Having a court order for your former partner to pay child support is one thing. Actually receiving that money from them can be a bit more challenging, however. If your ex hasn’t kept up with his or her child support obligation, Minnesota has several different options for enforcing the order. Which one of these will be appropriate for you will depend on how far in arrears your ex is on support and the individual facts of your situation. The options include (but are not limited to) the following:
Contempt Proceedings: A child support agency can ask the court to find your ex in contempt of court. If your ex is found to be in contempt, he or she can be ordered to serve a jail sentence. Before you start happily imagining your ex being led away to jail in handcuffs, bear in mind that the court may order that the jail sentence be suspended if the parent starts making payments according to a payment plan or complies with other conditions that the judge imposes. This is an appropriate enforcement option if your ex has the ability to pay his or her support obligation but is simply not doing so. However, contempt proceedings can’t be brought against your ex if he or she is in jail or otherwise incapable of paying child support.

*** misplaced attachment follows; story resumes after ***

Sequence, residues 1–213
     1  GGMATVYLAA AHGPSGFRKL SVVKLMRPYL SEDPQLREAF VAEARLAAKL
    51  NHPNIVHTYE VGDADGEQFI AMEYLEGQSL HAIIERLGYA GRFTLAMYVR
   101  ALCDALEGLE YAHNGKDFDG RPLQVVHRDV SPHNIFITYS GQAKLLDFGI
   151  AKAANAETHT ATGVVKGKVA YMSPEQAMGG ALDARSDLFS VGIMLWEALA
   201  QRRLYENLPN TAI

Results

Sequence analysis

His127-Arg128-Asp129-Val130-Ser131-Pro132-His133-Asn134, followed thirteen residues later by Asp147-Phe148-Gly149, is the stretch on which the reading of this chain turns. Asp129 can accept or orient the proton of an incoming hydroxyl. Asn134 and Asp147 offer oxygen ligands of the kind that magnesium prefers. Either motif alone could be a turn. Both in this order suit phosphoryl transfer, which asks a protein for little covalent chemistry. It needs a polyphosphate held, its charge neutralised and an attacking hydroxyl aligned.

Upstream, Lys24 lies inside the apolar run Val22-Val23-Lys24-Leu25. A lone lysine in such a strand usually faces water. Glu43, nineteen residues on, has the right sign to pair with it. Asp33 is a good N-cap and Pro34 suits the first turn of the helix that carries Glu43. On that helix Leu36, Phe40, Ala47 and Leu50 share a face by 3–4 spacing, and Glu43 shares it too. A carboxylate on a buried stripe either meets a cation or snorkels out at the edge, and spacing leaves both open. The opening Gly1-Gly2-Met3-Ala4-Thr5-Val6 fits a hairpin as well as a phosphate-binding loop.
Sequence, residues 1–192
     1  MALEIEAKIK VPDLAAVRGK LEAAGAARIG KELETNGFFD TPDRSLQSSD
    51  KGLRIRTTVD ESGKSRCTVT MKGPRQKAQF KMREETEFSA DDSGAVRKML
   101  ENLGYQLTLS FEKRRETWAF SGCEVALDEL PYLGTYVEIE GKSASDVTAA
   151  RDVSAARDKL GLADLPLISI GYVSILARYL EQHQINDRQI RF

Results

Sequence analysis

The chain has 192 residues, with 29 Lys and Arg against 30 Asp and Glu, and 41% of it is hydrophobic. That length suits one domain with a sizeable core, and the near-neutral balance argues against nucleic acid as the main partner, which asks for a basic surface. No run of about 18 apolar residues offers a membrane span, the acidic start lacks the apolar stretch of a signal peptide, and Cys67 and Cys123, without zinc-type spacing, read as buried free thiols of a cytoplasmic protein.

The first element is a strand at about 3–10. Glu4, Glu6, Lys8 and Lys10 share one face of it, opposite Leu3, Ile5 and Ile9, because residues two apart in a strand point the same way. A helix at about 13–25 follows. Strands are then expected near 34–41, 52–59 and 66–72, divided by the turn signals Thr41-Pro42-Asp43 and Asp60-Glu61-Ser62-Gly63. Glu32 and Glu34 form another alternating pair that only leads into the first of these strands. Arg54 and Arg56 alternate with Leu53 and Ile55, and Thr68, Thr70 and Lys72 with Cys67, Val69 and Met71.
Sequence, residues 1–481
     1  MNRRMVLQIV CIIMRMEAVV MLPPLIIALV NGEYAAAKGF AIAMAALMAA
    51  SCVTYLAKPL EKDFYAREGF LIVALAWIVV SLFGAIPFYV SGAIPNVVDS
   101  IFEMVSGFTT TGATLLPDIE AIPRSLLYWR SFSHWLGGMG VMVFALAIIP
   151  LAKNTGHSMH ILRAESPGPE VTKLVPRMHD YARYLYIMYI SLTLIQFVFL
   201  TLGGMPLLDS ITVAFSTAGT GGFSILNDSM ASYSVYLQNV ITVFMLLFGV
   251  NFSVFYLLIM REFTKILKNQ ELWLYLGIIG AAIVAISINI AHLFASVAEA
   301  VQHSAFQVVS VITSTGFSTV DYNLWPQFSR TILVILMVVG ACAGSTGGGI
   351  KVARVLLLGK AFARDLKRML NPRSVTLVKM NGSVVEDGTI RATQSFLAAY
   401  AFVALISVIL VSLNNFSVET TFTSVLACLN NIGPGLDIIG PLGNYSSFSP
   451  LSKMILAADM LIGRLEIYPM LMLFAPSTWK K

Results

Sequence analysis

Credit bureau reporting: The child support agency can also report your ex to the credit bureaus, affecting your ex’s credit rating, in some situations. This won’t be done, though, if your ex filed for bankruptcy before October 17, 2005 and remains protected by bankruptcy proceedings.
Income withholding: Your ex’s pay can be automatically withheld. All newly-entered orders for child support must now address whether income withholding is to be done or waived. The employer can be held in contempt of court if it fails to properly withhold income. If withholding is waived, it is usually due to the court’s finding that income withholding would not be in the best interest of the child.
Driver’s license suspension: If your ex owes arrears of at least three times his or her total monthly support obligation or is not complying with a written payment plan, the child support agency can ask for suspension of the parent’s driver’s license. This remedy can’t be applied to parents who receive welfare benefits in the form of cash assistance or parents who filed bankruptcy before October 17, 2005 and remain protected by bankruptcy proceedings.
As you can see there are a number of ways that a Minnesota court can enforce a child support order.
Any comments or questions? Feel free to post them and I’ll do my best to answer them.